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that purpose : But Robert de Broc, « and peace in my blood. Bxt in to whom the house was better the name of God, I forbid you to known, shewed them a passage "hurt any of my people. They through a window, by which they now rushed upon him, and engot in, and, not finding Becket in deavoured to drag him out of the any chamber of the palace, fol. church, with an intention (as they lowed him to the cathedral. When afterwards declared themselres) to the monks within saw them coming, carry him in bonds to the king; they haftened to lock the door; or, if they could not do that, to but the archbishop forbad them to kill him in a less facrod place : do it, saying, "You ought not to but he clinging fast to one of the " make a castle of the church. It pillars of the choir, they could " will protect us jufciently without not force him from thence. Dur. " being Shut: nor did I come hither ing the struggle he thook William " to reft, but to frffer." Which de Tracey fo roughly, that he al. they not regarding, he himself most threw him down; and as Re. opened the door, called in fome of ginald Fitzurfe prest harder upon the monks, who stood without, him than any of the others, he and then went up to the high thrust bim away, and called him altar.

pimp. This opprobrious language The knights, finding, no ob- more enraged that violent man; ftacle, rushed into the choir, and, he lifted up his fword against the brandishing their weapons, ex- head of Becket, who then bowing claimed, " Where is Thomas his neck, and joining his hands " Becket? where is that traitor to together in a posture of prayer, 15 the king and kingdom?" at recommended his own foal, and which he making no answer, they the cause of the church, to God, called out more loudly, " Where and to the saints of that cathedral " is the archbishop ? He then But one of the monks of Canter. turned, and coming down the bury interposing his arm to ward fleps of the altar, « Here am I, off the blow, it was almost cot " no traitor, but a priet. Wbat off; and the archbishop also was " would you have with me? I am wounded in the crown of his «s reads 1o luffer in the name of him head. He food a second ftroke, " who redeemed me with his blood, which likewife fell of his head, in " God forbid that I would fly for the same devout pofture, without fear of your swords, or recede a motion, word, or groan: but, " from justice," "They once more after receiving a third, he fell commanded him to take off the proftrate on his face ; and all the excommunication and fufpenfion accomplices presling now to: of the bishops. He replied, " No fare in the murder, a piece of his 16 satisfaction has yet been made ; fkull was ftruck off by Richard " nor will I absolve them. Then Brico. Lastly, Hugh the fubdea" (faid they) thou shalt inftanily con, who had joined himself to “ die, according to thy desert. them at Canterbury, scooped out " I am ready to die (answered he) the brains of the dead archbishop " that the church may obtain liberty with the point of a sword, and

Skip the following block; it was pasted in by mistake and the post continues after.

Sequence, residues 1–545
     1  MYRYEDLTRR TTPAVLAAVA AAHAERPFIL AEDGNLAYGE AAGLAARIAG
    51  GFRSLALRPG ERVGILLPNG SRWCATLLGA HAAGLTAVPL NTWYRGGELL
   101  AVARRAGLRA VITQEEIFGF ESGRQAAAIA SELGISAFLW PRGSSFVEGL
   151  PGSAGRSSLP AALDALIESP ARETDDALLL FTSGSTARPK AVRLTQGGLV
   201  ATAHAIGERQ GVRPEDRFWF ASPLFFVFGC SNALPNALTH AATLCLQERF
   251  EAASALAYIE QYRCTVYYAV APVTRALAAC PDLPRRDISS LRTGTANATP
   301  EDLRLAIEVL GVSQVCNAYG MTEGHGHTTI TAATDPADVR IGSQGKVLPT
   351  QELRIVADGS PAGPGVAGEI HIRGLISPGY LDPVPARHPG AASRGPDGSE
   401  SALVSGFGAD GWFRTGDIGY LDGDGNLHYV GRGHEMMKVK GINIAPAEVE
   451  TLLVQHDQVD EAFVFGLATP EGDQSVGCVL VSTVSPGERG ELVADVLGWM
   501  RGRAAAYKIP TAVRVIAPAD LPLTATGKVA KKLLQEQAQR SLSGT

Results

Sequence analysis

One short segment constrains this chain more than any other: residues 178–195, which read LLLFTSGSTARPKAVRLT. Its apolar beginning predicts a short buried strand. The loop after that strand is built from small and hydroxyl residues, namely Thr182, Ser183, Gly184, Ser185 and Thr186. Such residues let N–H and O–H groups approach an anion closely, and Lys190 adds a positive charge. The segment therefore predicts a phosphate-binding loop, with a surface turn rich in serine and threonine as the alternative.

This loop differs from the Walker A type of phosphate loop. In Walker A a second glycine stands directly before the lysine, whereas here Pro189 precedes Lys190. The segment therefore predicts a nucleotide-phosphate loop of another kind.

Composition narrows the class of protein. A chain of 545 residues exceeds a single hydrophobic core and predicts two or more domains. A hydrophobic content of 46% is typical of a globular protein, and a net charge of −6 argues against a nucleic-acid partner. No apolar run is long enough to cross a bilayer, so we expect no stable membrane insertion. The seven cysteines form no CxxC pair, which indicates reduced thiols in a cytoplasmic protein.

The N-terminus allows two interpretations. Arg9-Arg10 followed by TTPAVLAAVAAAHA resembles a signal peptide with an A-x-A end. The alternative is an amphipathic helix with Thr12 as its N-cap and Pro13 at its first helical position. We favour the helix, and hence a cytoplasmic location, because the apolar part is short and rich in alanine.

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fcattered them over the pave- came the champion of the church